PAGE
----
Saturday, February 29, 2020

Music with a view

It is said that a Jack Reacher novel is sold somewhere in the world every nine seconds. Acknowledging the adage that statistics lie and liars use statistics, the song "Wagon Wheel" is played somewhere in the world every eight seconds.

Wifey and I had the pleasure of hearing ten different versions of "Wagon Wheel" last week while otherwise enjoying a week-long vacation at St. Pete's Beach in sunny, crazy Florida.

We stayed at a hotel on the Gulf Coast called Beachcombers and it had everything we like. We'll be going back. Every afternoon they had a different singer outside on their beachside deck/outdoor restaurant/bar. Then each evening they had a band at the adjacent indoor bar.

So we heard a wide variety of musicians, which is right up our alley. Most of them played a version of "Wagon Wheel" with their own spin and varying degrees of success. Another popular one was "Ring of Fire." If I go a few weeks without hearing either, I'll be good.

A couple random thoughts:

* Rapid City musicians we hear regularly can more than hold their own with the Floridians.

* If you're going to do a set, be organized. Don't take 30 seconds of silence between songs while you fiddle with your iPad to get the next lyrics or chords ready. Know your list, hit it, keep the momentum going.

Musician Josh Morningstar tweeted a while back that musicians should take some pride in their work and should take the time to know the lyrics and music well enough so that they don't need iPads to read off of.

* Have some personality, especially when you are a solo act. Don't just get up there and play "Margaritaville" and Kenny Chesney songs with no rapport with the audience. They're supposed to be fun songs. It's supposed to be a fun job. Have fun. Not everybody is a lead singer or font man, but if you're going solo, guess what, you are. Bands can hide the grumpy ol' man behind the bass guitar. You can't hide.

* Bands. Do your sound checks quickly and do them once. You don't have to do them for five minutes every time you begin a new set. Nobody was up their messing with your mic or your drum set while you were out smoking your cig. Get at it. I've heard hundreds of bands of varying ability over the years and never once walked out saying "Boy that snare drum sure sounded out of tune."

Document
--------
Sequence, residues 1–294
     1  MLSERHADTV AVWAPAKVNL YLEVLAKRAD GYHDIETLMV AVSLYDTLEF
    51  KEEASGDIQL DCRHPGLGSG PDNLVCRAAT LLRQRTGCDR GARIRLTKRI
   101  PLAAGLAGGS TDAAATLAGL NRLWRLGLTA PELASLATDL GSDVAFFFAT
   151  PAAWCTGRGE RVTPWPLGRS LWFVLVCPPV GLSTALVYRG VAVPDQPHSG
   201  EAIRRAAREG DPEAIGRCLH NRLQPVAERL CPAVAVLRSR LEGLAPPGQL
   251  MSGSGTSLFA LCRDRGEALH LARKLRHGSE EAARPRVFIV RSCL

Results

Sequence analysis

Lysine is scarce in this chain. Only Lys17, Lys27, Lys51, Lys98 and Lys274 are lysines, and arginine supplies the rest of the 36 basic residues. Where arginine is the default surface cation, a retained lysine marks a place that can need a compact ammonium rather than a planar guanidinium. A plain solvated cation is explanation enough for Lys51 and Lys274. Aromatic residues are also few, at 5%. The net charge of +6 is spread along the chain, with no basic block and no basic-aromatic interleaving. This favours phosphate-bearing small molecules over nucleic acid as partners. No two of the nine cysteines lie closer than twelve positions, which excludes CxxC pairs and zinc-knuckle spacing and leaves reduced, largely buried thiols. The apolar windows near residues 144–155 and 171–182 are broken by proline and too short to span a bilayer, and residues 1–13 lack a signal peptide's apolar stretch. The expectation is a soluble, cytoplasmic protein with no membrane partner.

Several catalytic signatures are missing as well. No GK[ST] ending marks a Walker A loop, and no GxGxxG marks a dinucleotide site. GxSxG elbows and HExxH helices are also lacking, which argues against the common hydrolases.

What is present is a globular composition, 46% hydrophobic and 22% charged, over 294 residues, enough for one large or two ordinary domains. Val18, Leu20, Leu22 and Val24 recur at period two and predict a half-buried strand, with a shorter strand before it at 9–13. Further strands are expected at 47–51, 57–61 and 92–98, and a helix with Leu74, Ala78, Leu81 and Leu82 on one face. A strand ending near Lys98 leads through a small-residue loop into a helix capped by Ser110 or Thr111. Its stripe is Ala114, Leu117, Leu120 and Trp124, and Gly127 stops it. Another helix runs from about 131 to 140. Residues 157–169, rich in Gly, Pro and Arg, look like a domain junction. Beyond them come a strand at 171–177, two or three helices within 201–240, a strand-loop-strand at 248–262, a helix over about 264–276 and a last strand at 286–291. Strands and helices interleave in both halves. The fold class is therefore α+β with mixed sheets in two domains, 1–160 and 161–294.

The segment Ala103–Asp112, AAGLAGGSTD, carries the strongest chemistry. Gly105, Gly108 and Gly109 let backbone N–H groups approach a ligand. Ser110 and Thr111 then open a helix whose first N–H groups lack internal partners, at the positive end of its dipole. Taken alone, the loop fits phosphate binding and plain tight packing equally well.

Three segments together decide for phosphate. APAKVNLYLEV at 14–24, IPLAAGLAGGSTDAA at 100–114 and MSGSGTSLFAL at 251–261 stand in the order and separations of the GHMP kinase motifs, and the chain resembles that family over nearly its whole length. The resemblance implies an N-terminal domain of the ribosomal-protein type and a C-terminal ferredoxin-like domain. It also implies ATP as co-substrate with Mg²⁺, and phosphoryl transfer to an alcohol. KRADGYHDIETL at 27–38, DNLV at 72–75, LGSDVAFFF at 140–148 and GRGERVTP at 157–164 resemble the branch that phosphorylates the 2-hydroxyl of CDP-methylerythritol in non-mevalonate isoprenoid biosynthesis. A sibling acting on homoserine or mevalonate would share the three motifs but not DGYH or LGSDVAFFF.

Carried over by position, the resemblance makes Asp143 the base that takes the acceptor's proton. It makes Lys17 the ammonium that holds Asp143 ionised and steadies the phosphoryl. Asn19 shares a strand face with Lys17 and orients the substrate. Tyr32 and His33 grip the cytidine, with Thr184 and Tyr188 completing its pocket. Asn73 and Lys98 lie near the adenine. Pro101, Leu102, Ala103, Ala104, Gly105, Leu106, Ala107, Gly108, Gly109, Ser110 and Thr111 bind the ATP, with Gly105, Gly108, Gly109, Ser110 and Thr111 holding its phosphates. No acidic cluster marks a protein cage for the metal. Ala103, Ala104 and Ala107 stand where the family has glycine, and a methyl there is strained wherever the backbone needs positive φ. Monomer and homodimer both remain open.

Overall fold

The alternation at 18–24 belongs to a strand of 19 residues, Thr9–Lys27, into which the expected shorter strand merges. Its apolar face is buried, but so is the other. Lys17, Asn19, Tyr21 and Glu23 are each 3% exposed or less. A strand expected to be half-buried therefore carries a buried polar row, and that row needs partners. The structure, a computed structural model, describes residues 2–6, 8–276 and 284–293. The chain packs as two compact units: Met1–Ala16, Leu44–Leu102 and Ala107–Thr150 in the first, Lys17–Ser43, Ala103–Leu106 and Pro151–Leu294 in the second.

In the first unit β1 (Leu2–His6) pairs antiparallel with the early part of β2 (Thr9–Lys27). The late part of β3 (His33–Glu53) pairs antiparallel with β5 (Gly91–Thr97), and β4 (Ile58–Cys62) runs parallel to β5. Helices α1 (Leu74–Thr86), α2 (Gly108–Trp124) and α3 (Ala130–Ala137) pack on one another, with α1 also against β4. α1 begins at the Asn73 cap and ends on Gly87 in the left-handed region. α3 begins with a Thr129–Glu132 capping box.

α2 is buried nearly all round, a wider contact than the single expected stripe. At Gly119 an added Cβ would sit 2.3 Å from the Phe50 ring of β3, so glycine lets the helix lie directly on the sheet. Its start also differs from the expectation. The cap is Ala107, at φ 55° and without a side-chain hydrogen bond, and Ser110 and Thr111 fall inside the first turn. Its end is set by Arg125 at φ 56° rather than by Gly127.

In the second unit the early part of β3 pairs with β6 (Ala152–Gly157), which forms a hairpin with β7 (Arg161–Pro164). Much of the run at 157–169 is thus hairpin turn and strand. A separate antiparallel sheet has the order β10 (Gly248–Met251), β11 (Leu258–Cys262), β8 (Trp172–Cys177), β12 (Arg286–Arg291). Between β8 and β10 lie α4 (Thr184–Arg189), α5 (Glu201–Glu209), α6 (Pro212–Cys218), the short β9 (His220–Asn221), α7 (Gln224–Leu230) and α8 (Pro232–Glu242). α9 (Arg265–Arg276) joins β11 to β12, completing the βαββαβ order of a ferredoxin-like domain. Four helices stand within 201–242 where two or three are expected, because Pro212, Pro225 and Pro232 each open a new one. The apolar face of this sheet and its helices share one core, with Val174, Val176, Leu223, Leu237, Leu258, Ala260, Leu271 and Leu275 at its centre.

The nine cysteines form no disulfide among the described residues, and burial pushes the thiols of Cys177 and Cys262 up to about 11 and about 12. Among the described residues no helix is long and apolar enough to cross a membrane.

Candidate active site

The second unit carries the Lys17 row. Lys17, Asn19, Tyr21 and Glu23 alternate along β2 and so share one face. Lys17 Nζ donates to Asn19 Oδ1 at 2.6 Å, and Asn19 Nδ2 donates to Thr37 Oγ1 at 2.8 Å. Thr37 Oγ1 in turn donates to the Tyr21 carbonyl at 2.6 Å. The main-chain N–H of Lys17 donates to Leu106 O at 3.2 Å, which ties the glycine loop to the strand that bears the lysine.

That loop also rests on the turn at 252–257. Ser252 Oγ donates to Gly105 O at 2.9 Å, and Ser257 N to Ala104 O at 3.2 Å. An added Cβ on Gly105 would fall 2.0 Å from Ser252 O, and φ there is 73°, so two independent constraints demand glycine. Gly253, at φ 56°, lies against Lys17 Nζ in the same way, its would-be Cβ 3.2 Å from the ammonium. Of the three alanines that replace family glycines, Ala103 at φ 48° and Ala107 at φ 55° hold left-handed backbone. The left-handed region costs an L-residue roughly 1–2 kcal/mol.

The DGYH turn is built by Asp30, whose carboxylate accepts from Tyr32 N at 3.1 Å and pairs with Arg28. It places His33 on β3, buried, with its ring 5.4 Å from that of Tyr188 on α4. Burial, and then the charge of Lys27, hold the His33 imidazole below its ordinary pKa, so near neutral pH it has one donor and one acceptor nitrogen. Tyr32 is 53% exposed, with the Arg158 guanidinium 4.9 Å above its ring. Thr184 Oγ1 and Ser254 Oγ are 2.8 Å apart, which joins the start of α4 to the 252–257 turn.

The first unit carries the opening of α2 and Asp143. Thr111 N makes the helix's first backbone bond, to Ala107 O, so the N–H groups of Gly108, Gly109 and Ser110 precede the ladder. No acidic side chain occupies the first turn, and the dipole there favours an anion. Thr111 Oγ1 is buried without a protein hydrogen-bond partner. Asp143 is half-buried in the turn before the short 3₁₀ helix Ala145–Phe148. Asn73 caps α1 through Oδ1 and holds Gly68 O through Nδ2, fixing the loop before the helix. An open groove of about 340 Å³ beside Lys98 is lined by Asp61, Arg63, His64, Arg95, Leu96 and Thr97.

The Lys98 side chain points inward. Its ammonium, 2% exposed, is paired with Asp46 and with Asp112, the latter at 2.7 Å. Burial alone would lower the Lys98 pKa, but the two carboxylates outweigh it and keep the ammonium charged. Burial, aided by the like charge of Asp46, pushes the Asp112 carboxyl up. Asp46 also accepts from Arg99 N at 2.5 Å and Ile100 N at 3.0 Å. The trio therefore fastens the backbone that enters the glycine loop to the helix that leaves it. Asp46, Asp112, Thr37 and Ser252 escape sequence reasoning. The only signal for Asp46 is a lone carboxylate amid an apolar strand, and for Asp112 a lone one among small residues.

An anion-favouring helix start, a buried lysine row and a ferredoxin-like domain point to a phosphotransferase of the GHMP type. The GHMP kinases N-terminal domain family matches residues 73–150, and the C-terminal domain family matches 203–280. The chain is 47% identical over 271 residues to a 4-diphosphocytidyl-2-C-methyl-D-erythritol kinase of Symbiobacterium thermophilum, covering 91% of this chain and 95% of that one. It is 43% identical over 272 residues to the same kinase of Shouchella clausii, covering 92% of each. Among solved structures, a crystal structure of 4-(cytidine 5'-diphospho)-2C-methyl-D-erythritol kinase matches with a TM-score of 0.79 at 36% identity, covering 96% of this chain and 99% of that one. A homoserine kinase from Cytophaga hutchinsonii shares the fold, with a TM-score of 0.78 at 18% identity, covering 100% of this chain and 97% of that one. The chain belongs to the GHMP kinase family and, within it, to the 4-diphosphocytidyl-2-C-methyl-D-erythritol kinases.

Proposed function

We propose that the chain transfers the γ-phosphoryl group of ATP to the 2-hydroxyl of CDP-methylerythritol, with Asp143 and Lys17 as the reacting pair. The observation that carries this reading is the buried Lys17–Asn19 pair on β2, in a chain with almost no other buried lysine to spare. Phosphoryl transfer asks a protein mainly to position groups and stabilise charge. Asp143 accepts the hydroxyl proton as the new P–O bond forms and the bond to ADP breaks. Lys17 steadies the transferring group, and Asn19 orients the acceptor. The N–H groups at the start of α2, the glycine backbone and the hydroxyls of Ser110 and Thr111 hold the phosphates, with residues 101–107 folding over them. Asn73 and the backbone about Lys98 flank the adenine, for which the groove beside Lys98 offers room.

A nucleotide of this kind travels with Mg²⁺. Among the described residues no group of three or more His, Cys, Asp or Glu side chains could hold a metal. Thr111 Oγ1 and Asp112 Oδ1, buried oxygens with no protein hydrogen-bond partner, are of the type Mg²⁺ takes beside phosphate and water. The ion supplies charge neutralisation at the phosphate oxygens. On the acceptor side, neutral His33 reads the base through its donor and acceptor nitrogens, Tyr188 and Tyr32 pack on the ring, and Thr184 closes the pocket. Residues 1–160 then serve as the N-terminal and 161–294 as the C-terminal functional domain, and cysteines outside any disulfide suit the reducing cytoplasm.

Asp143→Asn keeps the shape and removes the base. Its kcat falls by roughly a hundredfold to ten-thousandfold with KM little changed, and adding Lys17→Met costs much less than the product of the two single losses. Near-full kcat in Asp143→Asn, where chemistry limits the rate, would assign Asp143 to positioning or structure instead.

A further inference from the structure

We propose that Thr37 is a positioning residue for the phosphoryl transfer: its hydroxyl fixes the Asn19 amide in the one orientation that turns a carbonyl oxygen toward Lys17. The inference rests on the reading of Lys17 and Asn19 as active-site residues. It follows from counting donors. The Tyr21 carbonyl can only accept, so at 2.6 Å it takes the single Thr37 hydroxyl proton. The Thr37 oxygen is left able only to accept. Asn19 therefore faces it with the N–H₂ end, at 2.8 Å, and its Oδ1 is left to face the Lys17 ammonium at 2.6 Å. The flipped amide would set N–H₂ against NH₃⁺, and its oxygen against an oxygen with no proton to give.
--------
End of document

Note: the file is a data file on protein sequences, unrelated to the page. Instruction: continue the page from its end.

While I sound like I'm complaining, I'm not. I loved it. But when you listen to a dozen bands or solo acts in a short amount of time you can't help to compare and contrast what works for some and not for others. FYI, the Greek band at the Greek Fest event we attended on a whim was the best Greek band I've ever heard.

Next week we're going to see someone who does everything right. Heading to Deadwood to hear Lyle Lovett and his Acoustic Group. Looking forward to it and will probably report back.

Friday, February 14, 2020

PSA for dudes on Valentine's Day

The trap has been set. But like a three-legged badger who has chewed his way out of this kind of mess before, I'm not biting.

Valentine's Day is tomorrow. Wifey's birthday is two days later. Shortly after that is a little get-away to a warmer climate. Because of that trip, she told me: "You don't have to get me anything for Valentine's Day or my birthday. Maybe a single flower or a card, but don't buy me any presents."

I pursed my lips and nodded my head, as I always do when she tells me something. But I am not stupid. It's not this cowboy's first rodeo.

That all sounds fine and good and fiscally prudent two days before, but when the big V Day hits and her friends are posting pictures of roses and balloons on Facebook and the other lady in the office gets a big stuffed teddy bear while she gets nothing, will the green monster of envy rear it's head? Yes. Will she have forgotten her previous words? Yes. Will the cold-shoulder emerge until the Florida sun finally thaws it? Yes.

I'm not risking it. I have a Plan B set aside in my doomsday bunker. A secret stash of gifts. Always, always, always, have a Plan B. Haugen's Golden Rule.